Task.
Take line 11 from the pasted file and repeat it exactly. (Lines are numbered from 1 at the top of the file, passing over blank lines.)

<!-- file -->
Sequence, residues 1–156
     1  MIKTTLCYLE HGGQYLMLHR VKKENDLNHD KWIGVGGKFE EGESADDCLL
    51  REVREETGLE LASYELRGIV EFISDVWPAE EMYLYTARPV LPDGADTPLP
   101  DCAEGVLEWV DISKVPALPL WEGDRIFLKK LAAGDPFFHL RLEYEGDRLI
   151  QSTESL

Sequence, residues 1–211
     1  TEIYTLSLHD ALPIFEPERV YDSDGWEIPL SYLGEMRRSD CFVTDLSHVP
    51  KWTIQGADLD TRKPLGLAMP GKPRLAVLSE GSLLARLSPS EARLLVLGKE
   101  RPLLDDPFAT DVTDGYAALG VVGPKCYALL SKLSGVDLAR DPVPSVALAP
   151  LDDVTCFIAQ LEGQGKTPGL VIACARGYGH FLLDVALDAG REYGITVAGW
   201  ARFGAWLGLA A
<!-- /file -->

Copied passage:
   201  ARFGAWLGLA A